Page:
In walks AJAX. AJAX says that if we can afford to use a light client-side technology, one that certainly isn't without its security flaws but can be fairly constrained by your browser, then we can pass off some of the "client experience" to the browser itself. The same technology could also trigger updates to the web server based on the user's actions, even very tiny actions like typing. Additionally, what if those updates could be targeted to parts of a page instead of reloading the entire page every time an update is necessary? AJAX says that if these three things are available, then we can greatly improve the interaction between users and the web content they love so much. To review, we'd like to have:
  • A lightweight client-side technology for speedy response to user actions
  • A way to trigger server requests based on fine-grained user actions
  • A way to load portions of web content
In practice, these three desires are usually filled in by three technologies:
  • Javascipt, a free-wheeling client-side programming language that can easily interact HTML and other web content
  • The XMLHttpRequest object, which allows Javascript to request and receive specific pieces of text from a server
  • The Document Object Model (DOM), an interface between Javascript and HTML content that allows Javascript to modify the contents of HTML tags on-the-fly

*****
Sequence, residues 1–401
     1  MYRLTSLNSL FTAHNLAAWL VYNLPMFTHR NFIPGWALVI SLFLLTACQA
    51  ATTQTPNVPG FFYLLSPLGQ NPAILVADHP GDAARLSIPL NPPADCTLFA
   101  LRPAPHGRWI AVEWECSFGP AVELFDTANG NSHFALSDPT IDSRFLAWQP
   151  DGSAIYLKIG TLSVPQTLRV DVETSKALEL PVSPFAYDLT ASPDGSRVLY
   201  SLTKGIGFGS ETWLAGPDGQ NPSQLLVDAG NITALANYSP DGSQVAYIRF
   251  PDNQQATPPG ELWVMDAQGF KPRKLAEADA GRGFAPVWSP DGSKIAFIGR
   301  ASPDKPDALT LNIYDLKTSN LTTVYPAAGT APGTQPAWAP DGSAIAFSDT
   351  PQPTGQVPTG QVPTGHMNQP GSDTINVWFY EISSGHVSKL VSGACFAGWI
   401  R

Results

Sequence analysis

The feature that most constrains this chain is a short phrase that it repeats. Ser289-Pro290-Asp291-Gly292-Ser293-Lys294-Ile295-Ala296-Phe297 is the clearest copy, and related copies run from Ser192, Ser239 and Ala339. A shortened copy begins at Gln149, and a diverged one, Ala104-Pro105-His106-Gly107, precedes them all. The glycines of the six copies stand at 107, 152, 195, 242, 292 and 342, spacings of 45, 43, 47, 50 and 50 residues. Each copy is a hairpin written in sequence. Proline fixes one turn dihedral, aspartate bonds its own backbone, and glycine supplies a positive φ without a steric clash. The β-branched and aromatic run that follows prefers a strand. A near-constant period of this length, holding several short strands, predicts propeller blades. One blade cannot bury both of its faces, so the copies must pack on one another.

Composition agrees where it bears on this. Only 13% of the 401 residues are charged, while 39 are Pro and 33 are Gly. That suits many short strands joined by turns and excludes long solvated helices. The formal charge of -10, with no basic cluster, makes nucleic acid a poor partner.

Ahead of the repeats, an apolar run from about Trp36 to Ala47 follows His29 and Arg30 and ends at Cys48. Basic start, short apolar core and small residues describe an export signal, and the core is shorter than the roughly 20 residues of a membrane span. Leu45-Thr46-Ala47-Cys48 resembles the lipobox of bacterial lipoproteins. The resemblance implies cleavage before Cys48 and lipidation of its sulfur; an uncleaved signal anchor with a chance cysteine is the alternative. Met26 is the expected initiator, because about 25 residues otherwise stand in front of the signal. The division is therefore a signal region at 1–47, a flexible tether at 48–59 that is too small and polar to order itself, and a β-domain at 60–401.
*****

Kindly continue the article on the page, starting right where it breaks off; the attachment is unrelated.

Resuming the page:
This leads to the acronym AJAX, which stands for Asynchronous Javascript and XML; but since its "creation", there has been a great deal of discussion of what AJAX actually is. Take this blog entry, for example, where the claim is made that Microsoft actually "invented" AJAX and made it available on the client side as early as 1999. I tend to agree with the author of that post, that AJAX as an idea (the first list of three technologies needed) has actually been around awhile. Now such things are finally being rolled into standards, and its up to our browsers to comply, and browser compliance is finally coming around to a bearable level too.

Like all computer-related technologies, there are interchangeable parts involved. It would be naive to think that HTML itself, Javascript, and either the DOM or XML APIs won't change over time - but the core ideas are necessary for the improved user experience that AJAX offers. Is there a reason to think that network requests will bypass the speed of local instructions? This is a different topic really, and I'll avoid the tangent, but how is any company going to deploy a usable web-based OS without relying heavily on client-side support?

So why am I so enthused about AJAX? I'm pumped because AJAX not only lets me provide better experiences to my users, but it also lets me engineer better websites. In remodeling my academic website recently, I wanted to add some structure to data such as publications. What if I have a BibTeX file with all of my citations and could just update that file and have the changes reflected on my "Publications" link? AJAX gives me the chance to do just that, which is exciting to a software engineering geek like myself. I can also use AJAX to load content dynamically, which was previously only reserved for database-driven sites. Sure, my users aren't creating the data, but I AM! Why shouldn't I be able to provide data in a very simple format and have it presented cleanly when my users want to see it? Such things just shouldn't require a database.

So the next time you're Google-ing and Google tries to out-guess you, take a second to think about the software engineer and the toolbox at his disposal that made such magic happen.